The primary role of the lorry in urban freight hasn’t been factored into the Department for Transport’s major policy publication, ‘Future of Mobility: Urban Strategy’. According to Christopher Snelling, FTA’s Head of UK Policy, the document fails to make a single substantive mention of HGVs, despite the fact that they are, and will remain, the major method of urban delivery:
“The two mistakes everyone makes are firstly that urban freight is about vans, and secondly that vans are all about freight – neither of these things is true. The UK’s towns and cities rely on 2.5m tonnes of goods being delivered to them every day by HGV, far outweighing what is delivered by van. And most vans are used by the services industries (electricians, plumbers, utilities companies) and are nothing to do with freight.
“FTA’s concern is that this fundamentally underestimates the key role that consolidation needs to play in making our urban transport networks work as we need them to. The same issue is seen with the focus in the document on e-cargo bikes. These are great - it is our members that are trialling them - but at best they will only ever play a specific role in certain types of delivery. Done wrongly, downsizing vehicles would lead to more congestion, not less – one medium-sized lorry can carry as much as 10 vans, one van can carry as much as 10 e-cargo bikes. All these vehicle types are needed, but none can or should replace the other.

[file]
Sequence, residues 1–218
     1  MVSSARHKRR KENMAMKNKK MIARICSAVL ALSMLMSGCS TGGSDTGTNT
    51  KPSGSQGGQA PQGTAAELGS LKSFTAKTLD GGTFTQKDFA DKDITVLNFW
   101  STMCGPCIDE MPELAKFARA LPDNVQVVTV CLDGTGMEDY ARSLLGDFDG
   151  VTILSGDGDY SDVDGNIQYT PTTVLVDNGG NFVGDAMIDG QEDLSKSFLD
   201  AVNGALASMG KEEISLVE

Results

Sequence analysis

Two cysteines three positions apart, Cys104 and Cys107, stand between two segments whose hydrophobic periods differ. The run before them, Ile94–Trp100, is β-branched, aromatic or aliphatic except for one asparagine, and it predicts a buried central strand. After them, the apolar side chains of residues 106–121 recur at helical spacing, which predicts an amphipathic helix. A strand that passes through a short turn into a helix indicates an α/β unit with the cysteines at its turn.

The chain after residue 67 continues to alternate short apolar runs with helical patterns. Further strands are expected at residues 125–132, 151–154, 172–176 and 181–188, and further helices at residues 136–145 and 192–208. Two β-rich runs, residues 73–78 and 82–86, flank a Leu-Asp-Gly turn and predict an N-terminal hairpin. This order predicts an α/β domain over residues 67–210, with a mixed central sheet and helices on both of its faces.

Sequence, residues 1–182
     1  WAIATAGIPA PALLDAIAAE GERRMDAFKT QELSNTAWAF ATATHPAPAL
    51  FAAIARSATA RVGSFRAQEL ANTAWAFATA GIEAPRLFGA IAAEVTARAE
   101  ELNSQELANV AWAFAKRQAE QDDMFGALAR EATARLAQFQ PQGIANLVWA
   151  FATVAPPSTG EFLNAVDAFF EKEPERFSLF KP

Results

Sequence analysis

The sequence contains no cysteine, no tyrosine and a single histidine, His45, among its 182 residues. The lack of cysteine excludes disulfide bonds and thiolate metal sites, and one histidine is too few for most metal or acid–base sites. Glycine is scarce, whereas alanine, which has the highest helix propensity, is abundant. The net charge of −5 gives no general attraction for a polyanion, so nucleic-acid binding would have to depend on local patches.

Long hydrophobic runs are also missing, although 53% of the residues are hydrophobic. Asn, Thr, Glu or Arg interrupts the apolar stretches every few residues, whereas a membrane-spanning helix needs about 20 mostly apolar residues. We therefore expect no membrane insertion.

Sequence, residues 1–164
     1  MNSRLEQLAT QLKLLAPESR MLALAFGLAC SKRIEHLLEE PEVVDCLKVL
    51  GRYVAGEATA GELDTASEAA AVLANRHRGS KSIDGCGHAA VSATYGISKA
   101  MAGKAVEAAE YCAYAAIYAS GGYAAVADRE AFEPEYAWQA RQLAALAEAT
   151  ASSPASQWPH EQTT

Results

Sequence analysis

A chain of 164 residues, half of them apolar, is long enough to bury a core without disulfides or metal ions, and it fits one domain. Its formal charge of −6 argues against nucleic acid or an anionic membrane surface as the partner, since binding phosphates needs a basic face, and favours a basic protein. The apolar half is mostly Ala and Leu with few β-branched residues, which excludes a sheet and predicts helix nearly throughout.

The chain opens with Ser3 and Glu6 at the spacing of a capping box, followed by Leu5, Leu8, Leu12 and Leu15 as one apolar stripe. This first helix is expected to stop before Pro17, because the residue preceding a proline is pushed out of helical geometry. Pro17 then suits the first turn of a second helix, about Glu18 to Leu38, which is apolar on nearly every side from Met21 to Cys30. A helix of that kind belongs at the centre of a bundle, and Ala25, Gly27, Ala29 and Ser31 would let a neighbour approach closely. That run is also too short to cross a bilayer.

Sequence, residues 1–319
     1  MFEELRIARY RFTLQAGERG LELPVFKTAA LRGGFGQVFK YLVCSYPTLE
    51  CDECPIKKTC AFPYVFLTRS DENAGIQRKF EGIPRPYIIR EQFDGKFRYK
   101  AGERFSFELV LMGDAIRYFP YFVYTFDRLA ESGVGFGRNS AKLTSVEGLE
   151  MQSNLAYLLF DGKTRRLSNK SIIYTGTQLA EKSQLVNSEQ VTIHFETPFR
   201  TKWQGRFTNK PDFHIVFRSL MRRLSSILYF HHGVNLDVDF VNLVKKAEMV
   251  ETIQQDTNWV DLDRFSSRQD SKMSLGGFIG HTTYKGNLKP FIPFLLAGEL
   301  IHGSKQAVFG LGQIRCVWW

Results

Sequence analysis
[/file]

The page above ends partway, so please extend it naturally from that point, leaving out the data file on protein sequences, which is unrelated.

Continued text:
“Aside from this general disappointment, FTA agrees that the practical actions actually proposed in the Strategy are sensible and will be beneficial to industry and our urban areas. These include reviews of regulations and further support for development and use of e-vans and e-cargo bikes.”
Snelling concluded: “The Government is taking some of the right steps here on improving the way our towns and cities are supplied with the goods they need - it’s just a shame that the focus of the document will mislead people about the realities of urban transport.”